Death Penalty Verdict in Valero Killings

Jury deliberated for two days on sentence in case

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    NEWSLETTERS

    A Tarrant Count jury on Friday recommended the death penalty for the man convicted of killing two men during a convenience store robbery in 2010.

    Kwame Rockwell, 34, was convicted of capital murder in the deaths of Daniel Rojas, a 23-year-old store clerk, and 70-year-old Jerry Burnett, a Mrs. Baird's deliveryman.

    Man Receives Death Penalty in Valero Killings

    [DFW] Man Receives Death Penalty in Valero Killings
    Kwame Rockwell has been sentenced to death for the deaths of a store clerk and deliveryman.

    The jury deliberated for more than 13 hours over two days before sentencing Rockwell to death. Some of the jurors were in tears as the death sentence was read.

    Rockwell showed no obvious emotion as he listened to the jury's decision.

    Family of Victims React to Sentence in Valero Murders

    [DFW] Family of Victims React to Sentence in Valero Murders
    Kwame Rockwell has been sentenced to death for the deaths of a store clerk and deliveryman.

    "I think there was some contrast drawn," prosecutor Sean Colston said. "When you have victims who are just going about their business, doing what they're supposed to, and they're brutally murdered in this fashion, I think that has an effect on the jury."

    The families of Rojas and Burnett said after the sentencing that justice was served.

    Jury Produces Guilty Verdict in Valero Shooting

    [DFW] Jury Produces Guilty Verdict in Valero Shooting
    The jury reached a guilty verdict in the March 2010 Fort Worth Valero shooting.

    "We just miss him terribly," said Burnett's wife, Sue. "I miss him as a husband and as a friend. We just miss him."

    Rojas' mother remembered him as a good son and a good brother. She said he had a good heart.

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    [DFW] Final Valero Murder Suspect in Custody
    The third and final suspect in a deadly convenience store robbery in Fort Worth was arrested Saturday night in San Antonio as surprising new details surfaced about the cold-blooded gunmen.

    The two families said the tragedy has united them.

    "You know, this was just uncalled for, so we're glad to put this part behind us and go on, but we are going to stay close," said Janice Miller, Burnett's sister.

    Miller said she wishes she knew why her brother was killed.

    "Each day as I live, I'll always want to know why," she said.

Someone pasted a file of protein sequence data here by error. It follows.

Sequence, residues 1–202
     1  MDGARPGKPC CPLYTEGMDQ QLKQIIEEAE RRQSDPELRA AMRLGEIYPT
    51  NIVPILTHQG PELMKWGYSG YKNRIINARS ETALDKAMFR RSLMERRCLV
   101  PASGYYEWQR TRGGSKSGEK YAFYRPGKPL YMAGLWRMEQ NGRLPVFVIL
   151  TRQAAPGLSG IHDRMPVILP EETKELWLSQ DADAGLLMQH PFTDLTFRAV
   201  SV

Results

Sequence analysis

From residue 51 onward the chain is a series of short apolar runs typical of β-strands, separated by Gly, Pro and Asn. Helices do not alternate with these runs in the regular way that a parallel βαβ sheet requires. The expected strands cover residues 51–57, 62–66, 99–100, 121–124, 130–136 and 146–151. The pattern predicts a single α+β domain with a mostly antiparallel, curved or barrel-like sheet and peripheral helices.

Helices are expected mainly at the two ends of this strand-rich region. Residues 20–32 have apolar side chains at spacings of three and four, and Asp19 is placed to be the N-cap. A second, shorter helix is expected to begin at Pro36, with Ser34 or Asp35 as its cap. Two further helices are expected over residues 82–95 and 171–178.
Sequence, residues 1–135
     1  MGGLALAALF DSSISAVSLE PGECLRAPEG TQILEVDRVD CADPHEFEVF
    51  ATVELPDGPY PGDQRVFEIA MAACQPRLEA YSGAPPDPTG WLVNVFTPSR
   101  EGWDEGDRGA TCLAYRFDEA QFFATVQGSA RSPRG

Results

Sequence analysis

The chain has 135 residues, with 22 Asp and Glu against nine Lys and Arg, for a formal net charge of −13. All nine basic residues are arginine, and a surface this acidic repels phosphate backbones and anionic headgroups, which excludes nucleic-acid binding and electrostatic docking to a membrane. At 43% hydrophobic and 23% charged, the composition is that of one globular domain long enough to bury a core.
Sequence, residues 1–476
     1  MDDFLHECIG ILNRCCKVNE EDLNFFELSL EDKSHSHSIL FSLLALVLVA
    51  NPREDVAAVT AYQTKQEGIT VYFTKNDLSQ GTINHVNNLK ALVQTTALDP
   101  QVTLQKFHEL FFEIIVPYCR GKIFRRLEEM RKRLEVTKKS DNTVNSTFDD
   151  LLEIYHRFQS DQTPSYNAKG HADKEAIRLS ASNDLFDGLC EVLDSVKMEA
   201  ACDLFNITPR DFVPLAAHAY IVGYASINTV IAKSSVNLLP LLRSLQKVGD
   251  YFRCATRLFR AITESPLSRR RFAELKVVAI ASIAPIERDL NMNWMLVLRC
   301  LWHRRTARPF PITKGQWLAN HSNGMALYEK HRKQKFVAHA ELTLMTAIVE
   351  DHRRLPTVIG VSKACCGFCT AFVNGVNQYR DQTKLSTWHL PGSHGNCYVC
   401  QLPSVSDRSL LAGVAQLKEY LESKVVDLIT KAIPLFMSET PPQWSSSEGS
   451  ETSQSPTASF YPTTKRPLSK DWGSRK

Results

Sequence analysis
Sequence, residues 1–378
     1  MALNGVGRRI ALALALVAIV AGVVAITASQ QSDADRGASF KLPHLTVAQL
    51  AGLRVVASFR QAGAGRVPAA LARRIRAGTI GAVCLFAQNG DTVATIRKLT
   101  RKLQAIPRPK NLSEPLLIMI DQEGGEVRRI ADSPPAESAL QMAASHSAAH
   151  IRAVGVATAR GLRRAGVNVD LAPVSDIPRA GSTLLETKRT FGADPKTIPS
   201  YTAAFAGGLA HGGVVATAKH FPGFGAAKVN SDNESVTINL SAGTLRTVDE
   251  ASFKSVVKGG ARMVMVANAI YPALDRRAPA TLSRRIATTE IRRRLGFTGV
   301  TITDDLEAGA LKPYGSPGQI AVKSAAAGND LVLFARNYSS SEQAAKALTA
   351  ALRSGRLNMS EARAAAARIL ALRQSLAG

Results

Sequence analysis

Rockwell found guilty last week

    Prosecutors said Rockwell and two other men entered a Valero station on Mansfield Highway on March 23, 2010, robbed the check-cashing business and shot and killed a Rojas and Burnett.

    Jurors were shown several clips from the store's 12 surveillance cameras. The video shows three masked men entering the store and Rojas complying with their demands, giving them the money and holding up his hands.

    Part of the video was released by Fort Worth police back in 2010. But jurors saw a dramatic part of video that was not publicly released that shows Rojas on the floor crying before he was shot in the head. Members of his family wept in court while the video played.

    During the murder trial, jurors also heard testimony from a key prosecution witness -- Chance Smith, a co-defendant who discussed what led up to the crime.

    Smith took a plea deal in exchange for his testimony. Smith, who said he served as the lookout, agreed to serve 20 years for pleading guilty to the lesser charges of aggravated robbery.

    He said he worked at Rockwell's car dealership across the street from the Valero in early 2010. He said Blackwell was struggling financially.

    Smith testified that after he cashed his IRS check at the check-cashing business in the store, a sum totaling around $5,000, Blackwell and three other men joked about robbing the business while drinking beer in the car dealership's garage.

    Smith said at first they were just jokes, but the jokes turned more serious. He testified that the group originally planned on robbing the store's owner in his car before he left for the bank.

    The jury deliberated for almost three hours before handing down the guilty verdict last week. The trial lasted about two weeks.

    Randy Seibel, of Granbury, and Tyrone Pierre Thomas, of Fort Worth, await trial.

    Chris Van Horne, Elvira Sakmari, Justin Hinton and Scott Gordon contributed to this report.

    We originally reported the owner of the business name as Blackwell, we regret the error.